You know you’re addicted to caffeine if it’s the first thing you think about when you wake up. You could be someone who loves their coffee, powers through their day with energy drinks, orders a side of soda with every meal, or pops pills regularly. And, as much as we’d like to get on the “chocolate is a vegetable” bandwagon, it is loaded with caffeine as well.
Unfortunately, your caffeine habit might be the bane of your health. So, before we move on to talking about all the things that you could switch your cup of caffeine with, let’s find out how it affects your health.
Adverse Effects Of Caffeine On Your Body
Caffeine acts as a mild stimulant. It increases your heart rate and metabolism. It also stimulates the central nervous system and boosts your energy levels. Hence, it is the perfect “wake up call” for most of us.
The downside of caffeine, however, is that it can leave you feeling agitated and can disrupt your ability to concentrate over time. It also interferes with the way your body absorbs vitamins and minerals. To make things worse, it causes palpitations, headaches, insomnia, and stomach aches. Regular caffeine intake also causes your body to lose fluid and makes you feel anxious.1 2
Given the health conditions that caffeine brings with it, it might be a good idea to try and switch to healthier alternatives instead. We’ve found a few that can help you do just that.
Simple Swaps To Kick Your Caffeine Habit
1. Herbal Teas Instead Of The Morning Cuppa
We don’t expect you to give up your morning cup of coffee overnight. But, you could switch it up for a cup of green tea, which has far less caffeine and comes with antioxidants that can boost your immunity.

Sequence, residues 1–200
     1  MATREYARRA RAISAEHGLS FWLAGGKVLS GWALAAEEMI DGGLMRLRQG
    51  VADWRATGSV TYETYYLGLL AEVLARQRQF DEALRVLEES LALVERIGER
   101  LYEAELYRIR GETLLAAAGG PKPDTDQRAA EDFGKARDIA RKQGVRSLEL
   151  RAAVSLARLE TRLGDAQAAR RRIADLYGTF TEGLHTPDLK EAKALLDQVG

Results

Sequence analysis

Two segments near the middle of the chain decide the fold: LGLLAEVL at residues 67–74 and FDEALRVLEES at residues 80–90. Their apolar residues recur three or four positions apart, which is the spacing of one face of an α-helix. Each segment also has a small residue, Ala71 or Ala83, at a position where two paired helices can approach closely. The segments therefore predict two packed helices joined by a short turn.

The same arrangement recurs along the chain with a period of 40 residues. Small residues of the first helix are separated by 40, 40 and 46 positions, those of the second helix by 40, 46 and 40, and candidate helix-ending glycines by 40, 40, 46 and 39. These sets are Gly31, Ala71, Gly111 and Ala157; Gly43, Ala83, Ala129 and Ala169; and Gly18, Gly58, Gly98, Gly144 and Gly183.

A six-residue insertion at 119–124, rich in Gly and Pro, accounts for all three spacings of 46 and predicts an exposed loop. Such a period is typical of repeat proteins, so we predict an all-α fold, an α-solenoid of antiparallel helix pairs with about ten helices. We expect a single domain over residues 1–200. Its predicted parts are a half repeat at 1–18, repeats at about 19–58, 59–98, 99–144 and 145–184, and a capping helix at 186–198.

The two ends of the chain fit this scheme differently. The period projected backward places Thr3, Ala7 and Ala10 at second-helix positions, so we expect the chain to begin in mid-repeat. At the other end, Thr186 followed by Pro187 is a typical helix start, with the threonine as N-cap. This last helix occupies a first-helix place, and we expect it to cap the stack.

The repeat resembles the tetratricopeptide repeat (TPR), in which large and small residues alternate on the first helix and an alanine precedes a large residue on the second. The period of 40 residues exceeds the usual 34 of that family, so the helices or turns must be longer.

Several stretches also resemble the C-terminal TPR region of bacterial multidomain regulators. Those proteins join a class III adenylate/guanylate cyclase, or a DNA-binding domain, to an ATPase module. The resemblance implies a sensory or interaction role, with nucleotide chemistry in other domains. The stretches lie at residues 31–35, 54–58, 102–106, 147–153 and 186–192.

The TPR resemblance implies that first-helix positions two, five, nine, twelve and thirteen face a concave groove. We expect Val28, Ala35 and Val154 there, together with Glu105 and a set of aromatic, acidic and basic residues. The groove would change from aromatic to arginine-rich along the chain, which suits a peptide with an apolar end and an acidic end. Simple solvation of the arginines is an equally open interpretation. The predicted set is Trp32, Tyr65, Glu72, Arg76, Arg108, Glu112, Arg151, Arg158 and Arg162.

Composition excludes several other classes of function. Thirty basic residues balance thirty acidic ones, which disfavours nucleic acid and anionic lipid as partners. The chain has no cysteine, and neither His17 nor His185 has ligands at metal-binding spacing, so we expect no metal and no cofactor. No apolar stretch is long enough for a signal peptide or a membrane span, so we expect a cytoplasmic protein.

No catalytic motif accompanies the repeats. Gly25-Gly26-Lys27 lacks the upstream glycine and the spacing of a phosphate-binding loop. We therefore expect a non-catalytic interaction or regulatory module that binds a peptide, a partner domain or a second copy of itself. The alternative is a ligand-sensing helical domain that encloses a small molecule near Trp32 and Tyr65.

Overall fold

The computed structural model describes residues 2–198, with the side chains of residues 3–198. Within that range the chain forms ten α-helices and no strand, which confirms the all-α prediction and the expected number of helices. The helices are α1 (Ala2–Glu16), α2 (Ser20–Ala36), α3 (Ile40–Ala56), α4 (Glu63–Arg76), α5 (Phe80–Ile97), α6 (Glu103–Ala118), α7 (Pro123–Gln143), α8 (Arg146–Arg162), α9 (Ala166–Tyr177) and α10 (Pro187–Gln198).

Letting go of your morning cuppa can cause withdrawal symptoms such as headaches, muscle cramps, and fatigue. So, make the transition easier for yourself. Start off by substituting just one cup of your daily coffee intake with herbal tea . Increase the number of substitutions gradually, based on how well you can tolerate the symptoms.
But, if you’re not a fan of green tea, there’s a lot of other options out their for you. You could try peppermint or chamomile tea which are calming, relaxing, and induce sleep. There’s also ginger tea that aids digestion, improves circulation, and is believed to reduce headaches. You could also opt for lemon or nettle tea which support liver function. The best part? Herbal teas could help fight insomnia that caffeine intake brings with it.3
2. Smoothies Instead Of “Break Time” Coffee
Do you tend to reach for a cup of coffee on your breaks? Try adding fruit smoothies or a protein shake to your cup instead. They are healthy, tasty, and can keep you satiated for a long time, hence killing the urge to drink more caffeine.
Protein powders and fruits also have a simple sugar called fructose which releases energy slowly, helping you avoid the infamous “crash” that coffee brings with it. However, be sure to make your own smoothies since commercial options often contain undesired additives and preservatives.
There are a lot of benefits that come with this particular switch. Smoothies made with bananas, almond milk, and ground flax seed or psyllium husk bloating can beat bloating, which is a common side effect of caffeine intake. The fiber in them also helps you lose weight effectively. Protein shakes, meanwhile, stabilize your blood sugar. If you’d like to lower your blood sugar and cut down on your sugar intake, add vegetables to your smoothies instead.4
3. Milk With Carob Powder Instead Of Hot Chocolate